FISHING REPORT 7TH JUNE ’19

Roll on June. The anticipation for the sardines is building and with some promising signs around, we might be in for another bumper run! Please remember to leave the areas that you fish in a better condition than when you got there. Take a few moments to pick up some litter and take it to the nearest bin. As always, remember to subscribe to our YouTube channel to stay up to date with all our new video releases and to brush up on your species knowledge, tactics and tips/tricks

(https://www.youtube.com/channel/UC8f8U0GjLGWFaEiUjs-n01w/videos).

 

Ray’s tip: Scents and additives.

Adding scents to your bait is nothing new to freshwater anglers, but for saltwater fishermen it is not a regular occurrence at all. Using scents and essences to enhance your bait can sometimes be the difference between getting the bite or holding pole. There are two main times that we use concentrates from the carp stable and this is the time of year that we use it. Number one is the use of banana essence when using pink prawn for bronze bream. This is fantastic and is a deadly method for these fussy feeders. The second time we use a scent is aniseed on chokka baits for kob. Both these methods not only attract the fish to the bait, but they also make your baitbox smell a lot better.

Offshore:

The offshore fishing has picked up a bit over the past week. The tuna have made a resurgence. The baitfish are loose, so make sure you get out and stock up. Remember to if you take care of your bait (pack it and freeze it properly) it will take care of you.

North:

The north coast has been the most productive section of coast. There have been plenty of fish coming out on the skis and boats. The couta have been around and the guys with the friskiest livebaits have been the successful ones. Make getting some decent livebaits your number one priority once launched and then look for the spots to fish. If you are having trouble hooking the livebaits add some bits of sardine on to the hooks for some extra attraction. Use a heavier sinker than you think you need to avoid the dreaded tangles.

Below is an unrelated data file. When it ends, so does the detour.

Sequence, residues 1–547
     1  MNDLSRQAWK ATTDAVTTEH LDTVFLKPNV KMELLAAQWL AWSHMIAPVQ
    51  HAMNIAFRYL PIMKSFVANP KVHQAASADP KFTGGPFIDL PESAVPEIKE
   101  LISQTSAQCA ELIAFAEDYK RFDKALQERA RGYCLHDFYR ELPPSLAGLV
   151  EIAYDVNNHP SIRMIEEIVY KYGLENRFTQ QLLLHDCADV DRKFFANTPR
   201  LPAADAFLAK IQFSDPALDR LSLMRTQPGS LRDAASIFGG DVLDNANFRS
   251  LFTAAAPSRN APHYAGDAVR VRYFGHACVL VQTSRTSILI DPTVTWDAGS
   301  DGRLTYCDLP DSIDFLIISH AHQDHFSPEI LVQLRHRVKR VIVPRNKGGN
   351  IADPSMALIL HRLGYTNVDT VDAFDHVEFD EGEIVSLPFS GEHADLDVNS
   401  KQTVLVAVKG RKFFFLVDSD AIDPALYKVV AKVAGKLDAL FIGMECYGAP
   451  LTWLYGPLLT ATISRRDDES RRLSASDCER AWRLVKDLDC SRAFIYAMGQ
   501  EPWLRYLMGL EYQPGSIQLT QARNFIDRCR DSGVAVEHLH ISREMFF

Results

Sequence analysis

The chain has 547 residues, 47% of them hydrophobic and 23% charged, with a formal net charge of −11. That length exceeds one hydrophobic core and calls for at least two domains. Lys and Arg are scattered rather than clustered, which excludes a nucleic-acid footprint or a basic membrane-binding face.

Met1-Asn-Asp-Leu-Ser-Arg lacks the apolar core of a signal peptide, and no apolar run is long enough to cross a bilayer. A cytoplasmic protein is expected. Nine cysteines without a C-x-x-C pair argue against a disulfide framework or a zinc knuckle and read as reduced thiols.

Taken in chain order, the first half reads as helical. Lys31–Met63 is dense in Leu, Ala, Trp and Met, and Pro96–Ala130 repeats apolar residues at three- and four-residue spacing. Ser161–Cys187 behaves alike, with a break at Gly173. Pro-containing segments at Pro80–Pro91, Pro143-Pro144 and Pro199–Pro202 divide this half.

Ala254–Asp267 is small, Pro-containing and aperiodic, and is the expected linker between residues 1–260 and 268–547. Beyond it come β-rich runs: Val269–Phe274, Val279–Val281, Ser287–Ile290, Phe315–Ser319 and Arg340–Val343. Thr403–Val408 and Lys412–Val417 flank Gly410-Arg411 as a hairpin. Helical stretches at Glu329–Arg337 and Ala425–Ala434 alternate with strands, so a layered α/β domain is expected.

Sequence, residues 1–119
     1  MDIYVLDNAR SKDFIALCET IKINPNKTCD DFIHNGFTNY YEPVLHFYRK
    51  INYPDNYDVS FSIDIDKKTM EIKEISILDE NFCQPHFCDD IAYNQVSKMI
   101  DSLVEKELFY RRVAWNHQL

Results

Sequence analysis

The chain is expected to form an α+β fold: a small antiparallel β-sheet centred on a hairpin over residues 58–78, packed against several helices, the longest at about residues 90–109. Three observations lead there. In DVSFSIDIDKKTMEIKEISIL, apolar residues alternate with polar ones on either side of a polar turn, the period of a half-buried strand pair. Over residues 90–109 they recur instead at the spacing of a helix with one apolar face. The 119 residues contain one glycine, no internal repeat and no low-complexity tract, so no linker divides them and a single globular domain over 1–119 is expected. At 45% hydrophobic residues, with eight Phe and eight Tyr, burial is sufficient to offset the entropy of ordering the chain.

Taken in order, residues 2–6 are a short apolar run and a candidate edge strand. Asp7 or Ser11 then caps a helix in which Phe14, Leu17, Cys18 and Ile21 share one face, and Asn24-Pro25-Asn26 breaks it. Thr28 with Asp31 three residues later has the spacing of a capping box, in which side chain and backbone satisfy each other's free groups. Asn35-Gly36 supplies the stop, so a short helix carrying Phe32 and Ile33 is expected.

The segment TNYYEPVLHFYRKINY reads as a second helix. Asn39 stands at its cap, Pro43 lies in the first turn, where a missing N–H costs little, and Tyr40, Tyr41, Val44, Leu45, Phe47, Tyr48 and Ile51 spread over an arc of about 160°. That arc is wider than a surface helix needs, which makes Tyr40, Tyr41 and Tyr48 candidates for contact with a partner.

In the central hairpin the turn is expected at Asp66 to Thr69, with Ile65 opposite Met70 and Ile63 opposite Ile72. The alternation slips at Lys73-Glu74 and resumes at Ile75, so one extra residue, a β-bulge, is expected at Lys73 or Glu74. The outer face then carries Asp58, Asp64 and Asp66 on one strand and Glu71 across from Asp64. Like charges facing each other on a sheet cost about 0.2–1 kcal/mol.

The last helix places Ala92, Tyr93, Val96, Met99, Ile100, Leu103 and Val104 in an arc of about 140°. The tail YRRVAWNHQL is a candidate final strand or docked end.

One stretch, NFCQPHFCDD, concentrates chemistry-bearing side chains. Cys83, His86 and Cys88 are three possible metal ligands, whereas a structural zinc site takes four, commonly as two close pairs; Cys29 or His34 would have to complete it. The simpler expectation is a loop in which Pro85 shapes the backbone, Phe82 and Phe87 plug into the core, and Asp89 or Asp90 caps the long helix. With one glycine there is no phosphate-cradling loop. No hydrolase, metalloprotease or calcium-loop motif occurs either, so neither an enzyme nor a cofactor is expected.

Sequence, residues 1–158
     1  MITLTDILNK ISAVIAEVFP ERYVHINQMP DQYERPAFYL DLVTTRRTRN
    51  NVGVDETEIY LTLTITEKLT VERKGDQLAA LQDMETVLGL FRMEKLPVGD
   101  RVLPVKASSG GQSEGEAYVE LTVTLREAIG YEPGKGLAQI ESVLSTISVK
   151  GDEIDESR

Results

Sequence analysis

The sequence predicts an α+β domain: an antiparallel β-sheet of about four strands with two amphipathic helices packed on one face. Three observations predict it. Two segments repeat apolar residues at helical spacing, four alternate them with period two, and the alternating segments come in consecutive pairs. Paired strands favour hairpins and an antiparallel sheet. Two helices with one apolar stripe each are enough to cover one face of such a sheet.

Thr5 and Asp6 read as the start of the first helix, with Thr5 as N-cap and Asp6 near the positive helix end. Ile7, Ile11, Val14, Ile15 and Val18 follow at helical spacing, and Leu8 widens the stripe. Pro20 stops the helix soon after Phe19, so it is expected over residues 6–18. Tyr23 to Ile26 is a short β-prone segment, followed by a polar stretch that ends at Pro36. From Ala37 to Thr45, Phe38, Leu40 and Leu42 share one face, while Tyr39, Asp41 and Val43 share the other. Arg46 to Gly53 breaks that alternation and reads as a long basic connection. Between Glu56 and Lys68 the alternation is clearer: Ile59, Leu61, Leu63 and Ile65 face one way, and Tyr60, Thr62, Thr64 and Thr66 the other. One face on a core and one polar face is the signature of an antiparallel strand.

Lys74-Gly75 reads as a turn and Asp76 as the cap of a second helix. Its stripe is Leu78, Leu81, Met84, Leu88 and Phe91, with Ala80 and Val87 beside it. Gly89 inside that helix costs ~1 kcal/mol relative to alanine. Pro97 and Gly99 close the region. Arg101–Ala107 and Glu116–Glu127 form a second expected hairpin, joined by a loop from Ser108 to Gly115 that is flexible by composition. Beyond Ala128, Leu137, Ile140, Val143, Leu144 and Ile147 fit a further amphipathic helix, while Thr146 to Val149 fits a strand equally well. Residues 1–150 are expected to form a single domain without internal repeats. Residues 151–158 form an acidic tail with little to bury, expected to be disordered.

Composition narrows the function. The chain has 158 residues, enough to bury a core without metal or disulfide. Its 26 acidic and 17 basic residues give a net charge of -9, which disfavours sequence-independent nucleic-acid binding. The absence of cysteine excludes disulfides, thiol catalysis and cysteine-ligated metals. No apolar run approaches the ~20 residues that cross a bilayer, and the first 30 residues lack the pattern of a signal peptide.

Central:

The central section of the KZN coast has produced a lot of bottomfish and gamefish for the boating crowd. The tuna have been the main gamefish coming out and they have not been that picky when it comes to bait. Over the past week, there have been tuna caught on trolled lures, poppers and livebait. Use whichever method you prefer and look for the action (birds or fish busting).

The bottomfishing has seen a lot of geelbek, daga and rockcod being landed. The sharks have taken their tax and beating them has required some heavy tackle.

South:

The big news down south is focused around the kayak-shark “attacks”. Two fishing kayaks have been bitten by sharks on two separate days. This is most likely a case of mistaken identity or territorial behaviour.

The south coast has had little to speak of in terms of gamefish action. There has been plenty of baitfish action but the gamefish have not played along. Aliwal has been the best choice for gamefish and has produced mainly wahoo, tuna and the odd marlin.

Rock and Surf:

The rock and surf fishing has focussed around a few main edibles. Garrick, brusher, bronze bream and kob have been the main fish coming out with a few inedibles in between.

North:

The north coast has produced some decent scratching fish for the guys fishing in the far north. The lower north coast has produced a few grey sharks and some diamond skates. Chokka and prawns have been the key baits for the edibles while mackerel and redeye sardine has been the key to the inedible success.